A 5th-grade prediction for the Year 2000
Well, I have approximately 145 days to get married, start a family, quit my job at the newspaper, and become a scientist that works five days a week from 8:30 to 5 who comes home every night to make dinner.
Oh yeah, and purchase a big white house with red shutters and a wrap-around porch. With horses in the back yard.
All of this is according to my predictions for my future when I was a fifth-grader.
When I was in Virginia last month for my friend Allison’s wedding, I visited with my grandmother and took a trip down memory lane.
Bless her heart, Grandma Hutch has saved little keepsakes throughout the years I was growing up. On this visit, I was particularly interested in reading my fifth-grade paper entitled: “Me in the Year 2000.” Perhaps it was the realization that friends my age are suddenly getting married, planning honeymoons and starting families that spurred my interest.
As I read my somewhat daunting predictions of where I thought I’d be today, I realized how much I’ve grown up in the last 13 years.
In fifth grade, in bubbly, cursive handwriting, I wrote: “After college, I would change my image completely. I would become classy.”
“My husband would be a doctor or a teacher and drive a Pontiac GL (I’m not too sure what that’s all about. Aren’t Pontiac’s so 1980s? Must have been a friend’s parents’ car or something.). He would have blue eyes and strawberry blond hair …”
“My older lifestyle involves hard work for me and my husband which I will be willing to do.”
How could I know at age 11, how far I would miss the mark. But as I read through the intricately detailed description of my large white house with antique furniture and became nauseated by paragraphs dedicated to describing my weekend job of teaching horseback riding lessons – I was a horse girl – I was delighted and relieved to read my very last paragraph.
I gave my little fifth-grade soul a pat on the back for being so brilliant.
I wrote: “I know I am going to have to change a lot. Will I be ready? Perhaps this is a fantasy which involves many luxuries.”
So I haven’t yet amounted to all I thought I would. I won’t be married at age 25, or a homeowner in the Year 2000.
I shared this thought with my friend Nicole, who was recently on her way through town, car overflowing with all of her belongings. She had spent the last six years living in ski towns in Summit County, Colo., Tahoe and Idaho and was on her way to San Diego to go to graphic design school.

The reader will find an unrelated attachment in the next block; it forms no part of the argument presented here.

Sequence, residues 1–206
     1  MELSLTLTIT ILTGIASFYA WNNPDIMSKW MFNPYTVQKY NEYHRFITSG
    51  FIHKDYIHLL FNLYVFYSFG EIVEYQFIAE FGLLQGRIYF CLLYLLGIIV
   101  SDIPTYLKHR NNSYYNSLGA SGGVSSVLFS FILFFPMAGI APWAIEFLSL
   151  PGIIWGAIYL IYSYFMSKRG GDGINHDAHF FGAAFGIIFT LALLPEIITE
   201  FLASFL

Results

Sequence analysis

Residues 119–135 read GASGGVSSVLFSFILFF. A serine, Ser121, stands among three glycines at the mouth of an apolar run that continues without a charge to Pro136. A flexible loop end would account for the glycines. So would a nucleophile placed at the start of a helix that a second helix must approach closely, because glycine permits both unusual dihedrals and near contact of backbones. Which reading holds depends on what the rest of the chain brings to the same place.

She opened her trunk to pull out some old photos and showed me one of her most prized possessions.
In kindergarten, her class was asked what they wanted to be when they grew up. On a piece of frayed construction paper scribbled in different colored crayons, Nicole wrote at age 5: “When I grow up I want to be a ski bum,” next to a drawing of herself ripping it up on the slopes.
Her project has since been framed. She did exactly what she said she was going to do when she was in kindergarten for the past six years of her grown up life. Anything she does now can be considered over-achieving.
Now why couldn’t I have written something like that instead. Maybe I wouldn’t have to cringe when my Grandma leaves it out on the coffee table in her room for all to read.
So I am using my disclaimer as a scapegoat and am pleading “fantasy.” The interesting thing is how that fantasy has changed now that I am older. A home, a husband, a family, even the responsibilities of owning and caring for a horse are too much to fantasize about these days. Instead I think about traveling, visiting friends, meeting new people, getting wood for the winter and hopefully skiing by next month.
I hope none of my fifth-grade projections come true in the next 145 days leading up to my 25th birthday.
The moral of the story is: don’t hold on to those elementary school assignments that may come back to haunt you.
Abby Hutchison is a reporter at the Sierra Sun who wants to be a ski bum when she grows up.
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Kelley R. Carroll, a certified specialist, handles estate planning and will contests in our office with the help of our firm’s litigation department. I do not handle any, be forewarned.